University of Cambridge > Talks.cam > Archaeology Graduate Seminar Series > The residential area F/I in Tell el-Dab'a/Avaris (Egypt) - Multicultural life in a town of the Second Intermediate Period

The residential area F/I in Tell el-Dab'a/Avaris (Egypt) - Multicultural life in a town of the Second Intermediate Period

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Since more than 40 years the Austrian Archaeological Institute is digging in Tell el-Dab’a in the eastern Nile Delta. The place could be identified with ancient Avaris, the capital of the Hyksos, a dynasty of foreign rulers over Egypt in the end of the Second Intermediate Period (1650-1540BC). Coming from the region of the Levant, Syria and Palestine these foreign rulers always remained as a trauma in the Egyptian memory but presented however a unique combination of foreign traditions assimilated to the Egyptian culture. My research is focused on the residential area F/I (local labelling). In addition to temples, palaces, cemeteries and the big harbours of the city this quarter presents a development of around 150 years and a gradual improvement of the living standards which can possibly be paralleled with the rise of this foreign population leading to their takeover of power. Apart from political implications this quarter delivers insight in the everyday life of one of the largest cities of this period. In collecting all the different information concerning the analysis of the bones, plant remains, pottery and small finds and combining them with the architecture I try to reconstruct a close picture of the ancient living conditions and contribute another comprehensive study to Egyptian settlement archaeology.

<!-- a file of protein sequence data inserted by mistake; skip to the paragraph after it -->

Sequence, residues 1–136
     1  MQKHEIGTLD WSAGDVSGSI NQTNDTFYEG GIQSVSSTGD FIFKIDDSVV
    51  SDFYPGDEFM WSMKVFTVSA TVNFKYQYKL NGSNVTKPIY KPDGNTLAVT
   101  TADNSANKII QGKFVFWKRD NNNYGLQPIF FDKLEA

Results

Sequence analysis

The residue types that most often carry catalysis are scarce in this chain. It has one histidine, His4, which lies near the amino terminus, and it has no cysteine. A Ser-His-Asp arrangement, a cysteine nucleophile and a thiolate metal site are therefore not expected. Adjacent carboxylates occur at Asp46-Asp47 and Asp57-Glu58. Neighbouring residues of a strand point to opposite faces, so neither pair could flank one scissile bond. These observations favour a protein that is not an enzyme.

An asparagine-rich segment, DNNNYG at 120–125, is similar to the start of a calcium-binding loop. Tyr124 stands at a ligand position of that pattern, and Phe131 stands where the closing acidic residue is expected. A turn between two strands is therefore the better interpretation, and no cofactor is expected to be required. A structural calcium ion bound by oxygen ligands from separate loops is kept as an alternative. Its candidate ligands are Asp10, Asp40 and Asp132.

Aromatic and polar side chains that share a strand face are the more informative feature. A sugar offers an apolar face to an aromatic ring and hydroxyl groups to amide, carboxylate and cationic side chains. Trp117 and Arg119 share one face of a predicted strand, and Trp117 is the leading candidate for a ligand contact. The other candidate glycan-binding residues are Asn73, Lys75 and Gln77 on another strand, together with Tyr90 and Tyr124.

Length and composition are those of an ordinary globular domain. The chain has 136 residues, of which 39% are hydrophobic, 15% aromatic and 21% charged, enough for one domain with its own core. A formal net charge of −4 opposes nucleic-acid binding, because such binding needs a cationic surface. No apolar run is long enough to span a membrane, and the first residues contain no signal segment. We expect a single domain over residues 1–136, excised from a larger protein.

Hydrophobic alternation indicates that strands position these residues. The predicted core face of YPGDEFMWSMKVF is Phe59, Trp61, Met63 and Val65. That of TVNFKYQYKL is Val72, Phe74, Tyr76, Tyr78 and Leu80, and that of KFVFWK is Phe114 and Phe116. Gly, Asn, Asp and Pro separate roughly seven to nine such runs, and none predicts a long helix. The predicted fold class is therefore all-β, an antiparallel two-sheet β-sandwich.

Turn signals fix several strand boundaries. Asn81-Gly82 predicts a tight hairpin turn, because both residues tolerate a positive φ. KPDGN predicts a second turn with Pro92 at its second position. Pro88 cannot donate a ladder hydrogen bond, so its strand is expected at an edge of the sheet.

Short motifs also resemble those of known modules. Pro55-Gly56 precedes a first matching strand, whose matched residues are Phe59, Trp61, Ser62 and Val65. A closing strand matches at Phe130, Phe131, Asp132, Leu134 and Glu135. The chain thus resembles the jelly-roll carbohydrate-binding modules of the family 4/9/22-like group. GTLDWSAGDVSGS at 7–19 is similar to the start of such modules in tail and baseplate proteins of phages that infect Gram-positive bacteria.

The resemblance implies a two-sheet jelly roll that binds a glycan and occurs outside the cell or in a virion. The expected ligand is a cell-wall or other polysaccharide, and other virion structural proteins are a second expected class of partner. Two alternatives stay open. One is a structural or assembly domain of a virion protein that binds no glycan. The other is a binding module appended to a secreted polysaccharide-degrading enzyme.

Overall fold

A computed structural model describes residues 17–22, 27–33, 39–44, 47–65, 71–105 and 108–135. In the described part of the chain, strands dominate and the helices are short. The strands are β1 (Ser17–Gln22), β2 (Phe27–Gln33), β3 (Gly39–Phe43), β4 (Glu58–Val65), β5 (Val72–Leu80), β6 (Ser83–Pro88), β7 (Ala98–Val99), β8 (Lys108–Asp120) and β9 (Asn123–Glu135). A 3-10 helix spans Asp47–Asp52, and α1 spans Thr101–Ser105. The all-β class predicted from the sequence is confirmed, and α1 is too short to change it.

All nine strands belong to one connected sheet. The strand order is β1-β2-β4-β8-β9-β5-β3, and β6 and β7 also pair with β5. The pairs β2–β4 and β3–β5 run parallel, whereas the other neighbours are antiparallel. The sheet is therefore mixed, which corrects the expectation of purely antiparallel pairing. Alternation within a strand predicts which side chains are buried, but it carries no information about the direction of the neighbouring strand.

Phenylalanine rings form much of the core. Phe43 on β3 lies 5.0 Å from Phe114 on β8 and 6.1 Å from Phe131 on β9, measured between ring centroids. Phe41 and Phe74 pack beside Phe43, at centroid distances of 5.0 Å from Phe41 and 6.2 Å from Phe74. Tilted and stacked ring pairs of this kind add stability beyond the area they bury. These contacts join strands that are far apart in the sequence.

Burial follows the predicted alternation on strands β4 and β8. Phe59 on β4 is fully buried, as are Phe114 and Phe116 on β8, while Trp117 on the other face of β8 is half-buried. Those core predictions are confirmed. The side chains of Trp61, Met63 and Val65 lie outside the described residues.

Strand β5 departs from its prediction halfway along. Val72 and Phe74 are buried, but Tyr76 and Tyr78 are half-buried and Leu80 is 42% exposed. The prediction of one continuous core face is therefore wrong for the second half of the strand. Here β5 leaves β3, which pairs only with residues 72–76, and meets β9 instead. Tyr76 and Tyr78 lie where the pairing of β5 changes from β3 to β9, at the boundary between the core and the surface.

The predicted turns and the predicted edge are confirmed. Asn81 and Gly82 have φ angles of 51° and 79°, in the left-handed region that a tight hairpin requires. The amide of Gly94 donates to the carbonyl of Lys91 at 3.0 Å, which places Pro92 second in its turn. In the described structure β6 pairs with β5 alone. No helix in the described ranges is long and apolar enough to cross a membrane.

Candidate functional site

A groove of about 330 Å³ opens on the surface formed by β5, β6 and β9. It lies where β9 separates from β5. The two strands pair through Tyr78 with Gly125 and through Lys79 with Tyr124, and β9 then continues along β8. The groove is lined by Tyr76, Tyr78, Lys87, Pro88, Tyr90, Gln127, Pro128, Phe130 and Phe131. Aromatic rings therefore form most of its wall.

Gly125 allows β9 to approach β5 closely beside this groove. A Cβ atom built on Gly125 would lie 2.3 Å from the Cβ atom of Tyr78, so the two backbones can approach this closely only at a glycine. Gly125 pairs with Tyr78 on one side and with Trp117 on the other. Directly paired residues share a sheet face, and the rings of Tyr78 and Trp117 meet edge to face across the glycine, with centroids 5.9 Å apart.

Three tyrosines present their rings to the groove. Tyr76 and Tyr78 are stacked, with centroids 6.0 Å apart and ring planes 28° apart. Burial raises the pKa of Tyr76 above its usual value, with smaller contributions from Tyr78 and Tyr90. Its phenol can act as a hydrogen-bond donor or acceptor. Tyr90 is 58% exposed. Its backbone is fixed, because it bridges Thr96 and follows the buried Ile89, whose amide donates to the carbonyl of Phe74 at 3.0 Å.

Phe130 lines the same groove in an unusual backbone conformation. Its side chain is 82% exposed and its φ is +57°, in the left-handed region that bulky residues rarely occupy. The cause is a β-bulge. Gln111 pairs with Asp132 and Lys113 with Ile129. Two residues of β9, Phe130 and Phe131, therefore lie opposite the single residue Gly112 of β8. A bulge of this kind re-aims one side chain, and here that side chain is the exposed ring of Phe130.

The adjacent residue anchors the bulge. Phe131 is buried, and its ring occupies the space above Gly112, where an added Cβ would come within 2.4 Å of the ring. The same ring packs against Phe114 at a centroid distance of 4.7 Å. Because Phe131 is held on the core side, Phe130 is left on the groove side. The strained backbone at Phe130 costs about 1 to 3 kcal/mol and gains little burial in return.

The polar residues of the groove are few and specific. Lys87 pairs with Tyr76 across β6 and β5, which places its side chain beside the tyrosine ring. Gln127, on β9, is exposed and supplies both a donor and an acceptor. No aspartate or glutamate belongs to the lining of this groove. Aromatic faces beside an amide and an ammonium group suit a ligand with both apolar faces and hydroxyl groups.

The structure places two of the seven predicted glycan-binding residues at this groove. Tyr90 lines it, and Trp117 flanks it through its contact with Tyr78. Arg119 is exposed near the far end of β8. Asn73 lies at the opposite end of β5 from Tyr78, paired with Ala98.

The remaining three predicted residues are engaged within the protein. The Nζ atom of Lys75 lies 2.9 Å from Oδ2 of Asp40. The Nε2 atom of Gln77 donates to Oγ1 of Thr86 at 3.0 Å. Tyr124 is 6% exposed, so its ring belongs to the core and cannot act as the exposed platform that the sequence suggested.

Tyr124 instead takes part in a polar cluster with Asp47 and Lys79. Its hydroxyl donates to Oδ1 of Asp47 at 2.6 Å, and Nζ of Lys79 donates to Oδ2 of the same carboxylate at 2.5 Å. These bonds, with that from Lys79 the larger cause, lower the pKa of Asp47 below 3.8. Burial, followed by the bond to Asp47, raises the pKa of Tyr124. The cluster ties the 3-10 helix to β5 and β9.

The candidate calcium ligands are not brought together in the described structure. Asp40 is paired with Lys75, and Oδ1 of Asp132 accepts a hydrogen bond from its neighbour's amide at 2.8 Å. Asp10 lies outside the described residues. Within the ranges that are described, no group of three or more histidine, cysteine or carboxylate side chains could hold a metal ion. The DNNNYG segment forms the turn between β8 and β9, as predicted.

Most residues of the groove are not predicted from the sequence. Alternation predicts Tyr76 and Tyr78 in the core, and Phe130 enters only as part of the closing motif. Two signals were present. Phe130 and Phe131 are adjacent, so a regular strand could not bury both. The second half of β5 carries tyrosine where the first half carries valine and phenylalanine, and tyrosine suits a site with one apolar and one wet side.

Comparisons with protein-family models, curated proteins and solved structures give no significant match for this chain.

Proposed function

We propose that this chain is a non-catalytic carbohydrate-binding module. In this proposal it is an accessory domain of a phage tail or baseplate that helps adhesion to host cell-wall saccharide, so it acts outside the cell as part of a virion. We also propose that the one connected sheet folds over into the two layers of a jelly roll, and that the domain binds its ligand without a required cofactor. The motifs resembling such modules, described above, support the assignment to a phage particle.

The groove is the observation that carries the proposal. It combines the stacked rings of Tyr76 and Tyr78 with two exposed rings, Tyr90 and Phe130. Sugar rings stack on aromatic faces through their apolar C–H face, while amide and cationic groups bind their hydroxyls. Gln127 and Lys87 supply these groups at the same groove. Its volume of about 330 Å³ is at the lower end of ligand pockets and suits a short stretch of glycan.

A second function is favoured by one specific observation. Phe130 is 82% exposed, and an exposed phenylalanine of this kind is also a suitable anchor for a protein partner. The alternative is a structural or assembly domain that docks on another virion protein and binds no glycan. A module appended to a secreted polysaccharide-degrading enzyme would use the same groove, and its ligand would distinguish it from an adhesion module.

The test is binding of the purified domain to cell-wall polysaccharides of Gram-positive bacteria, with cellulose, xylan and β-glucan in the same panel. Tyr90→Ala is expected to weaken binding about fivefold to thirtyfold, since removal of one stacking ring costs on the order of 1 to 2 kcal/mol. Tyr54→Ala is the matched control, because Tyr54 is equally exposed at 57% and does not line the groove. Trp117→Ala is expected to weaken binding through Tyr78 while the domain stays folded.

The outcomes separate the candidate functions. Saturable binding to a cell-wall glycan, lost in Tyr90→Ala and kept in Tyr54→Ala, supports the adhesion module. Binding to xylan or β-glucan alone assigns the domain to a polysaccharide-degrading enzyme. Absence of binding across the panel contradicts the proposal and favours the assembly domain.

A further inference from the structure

This talk is part of the Archaeology Graduate Seminar Series series.

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